The last challenge was HRC not communicating with me enough before the marketplace opened. HRC, in particular my Career Coach, should have taken the time to analyze my present career path to determine which assignments would best fit my goals. For example, I am married serving a one year unaccompanied assignment in Korea. If my career coach considered these circumstances prior to PCS Cycle 20-02, he could have taken out the over 150 overseas assignments, including 30 in Korea. I am also KD complete. If my Career Coach would have accounted for this prior to PCS Cycle 20-02, he could have also taken out the 100 KD assignments for me in AIM 2.0. Lastly, instead of merely coaching, I believe HRC should be more involved with officers throughout their entire AIM 2.0 engagement. Although this technique may require more time dedicated to officers by their Career Coaches, I believe it would allow officers to see more streamlined assignments during all phases of their AIM 2.0 experience.

To better assist my fellow officers as they prepare for their future AIM 2.0 engagement, I have developed some keys to success. First, officers must understand the AIM 2.0 Rules of Engagement (ROE). Officers must understand the six principles of the Army Talent Alignment Process (ATAP) and how it is operationalized through AIM 2.0. Officers must be familiar with how the AIM 2.0 system works and the significance of the information provided in each column. Officers must also ensure they understand which assignments are really “available” to them in AIM 2.0. Secondly, officers must contact units early and often. I contacted approximately ten S1/G1/J1’s that encompassed over 30 units, on three different installations. During the two months the marketplace was open, I followed up with all the S1/G1/J1’s at least three more times to find out where I was on their units preference lists. Lastly, officers must be proactive. Being proactive lets the unit know you are serious about an assignment. Although you may not get an answer right away, persistence just might be the difference between you being selected or overlooked for a position.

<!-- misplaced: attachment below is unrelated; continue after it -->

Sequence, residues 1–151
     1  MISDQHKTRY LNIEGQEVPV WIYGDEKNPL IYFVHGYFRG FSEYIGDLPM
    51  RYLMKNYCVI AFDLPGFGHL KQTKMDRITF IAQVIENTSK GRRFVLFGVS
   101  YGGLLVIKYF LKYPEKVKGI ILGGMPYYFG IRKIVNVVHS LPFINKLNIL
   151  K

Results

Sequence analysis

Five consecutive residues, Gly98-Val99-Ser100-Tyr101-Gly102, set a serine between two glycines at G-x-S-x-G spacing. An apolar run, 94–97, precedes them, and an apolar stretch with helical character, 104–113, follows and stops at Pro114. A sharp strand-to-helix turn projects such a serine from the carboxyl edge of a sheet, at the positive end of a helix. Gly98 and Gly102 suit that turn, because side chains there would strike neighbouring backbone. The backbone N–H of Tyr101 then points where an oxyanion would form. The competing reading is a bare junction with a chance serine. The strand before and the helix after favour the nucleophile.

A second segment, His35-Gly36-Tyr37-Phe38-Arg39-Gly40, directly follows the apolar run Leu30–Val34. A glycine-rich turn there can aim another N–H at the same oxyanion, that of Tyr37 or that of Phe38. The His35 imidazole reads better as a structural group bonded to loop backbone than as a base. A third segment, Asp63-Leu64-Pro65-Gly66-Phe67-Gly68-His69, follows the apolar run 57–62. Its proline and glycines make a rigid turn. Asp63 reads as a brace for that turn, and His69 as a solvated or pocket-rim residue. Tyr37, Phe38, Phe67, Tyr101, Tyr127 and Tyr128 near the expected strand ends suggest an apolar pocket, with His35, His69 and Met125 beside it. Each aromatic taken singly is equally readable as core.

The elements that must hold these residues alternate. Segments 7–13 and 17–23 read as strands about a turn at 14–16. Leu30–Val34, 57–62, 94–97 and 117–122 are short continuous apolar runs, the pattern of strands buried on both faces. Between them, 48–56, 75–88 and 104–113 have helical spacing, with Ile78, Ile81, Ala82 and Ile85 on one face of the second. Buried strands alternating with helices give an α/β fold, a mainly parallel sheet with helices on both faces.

In conclusion, as the Army moves forward with the ATAP as a decentralized regulated assignment marketplace, operationalized through the Assignment Interactive Module 2.0 (AIM 2.0), it must recognize that there are still flaws in the system. The six principles currently used by HRC to ensure AIM 2.0 remains fair and impartial to its officers are lacking some critical considerations. Before the marketplace opens, at a minimum, HRC should consider the following circumstances for each officer. Is the officer KD complete? Is the officer married and currently deployed or serving in an accompanied assignment? What was the officer’s previous assignment location? Is the officer qualified for all assignments they will see in AIM 2.0? HRC, in particular Career Coaches should contact their officers before the marketplace opens to discuss these considerations. Once these considerations have been annotated, HRC could then adjust the officer’s assignments in AIM 2.0 to reflect the officer’s circumstances. By doing this, HRC could help alleviate the amount of time officers use to preference the hundreds of “available” assignments. This would also better assist officers as they prepare to engage in their own AIM 2.0 experience.

Major Michael Spears is Staff Action Control Officer (SACO) assigned to United States Forces Korea (USFK), at Camp Humphreys, Korea. He holds a bachelor’s degree in history from the University of Arizona and a master’s degree in education with an emphasis on curriculum and teaching from Northcentral University. He is a graduate of the Quartermaster Officer Basic Course, Petroleum Officers Course, Mortuary Affairs Course, Combined Logistics Captains Career Course, Intermediate-Level Education, and the Advanced Operations Course. MAJ Spears is projected to be assigned to III Corps at Fort Hood, TX based off his #1 for #1 match in AIM 2.0.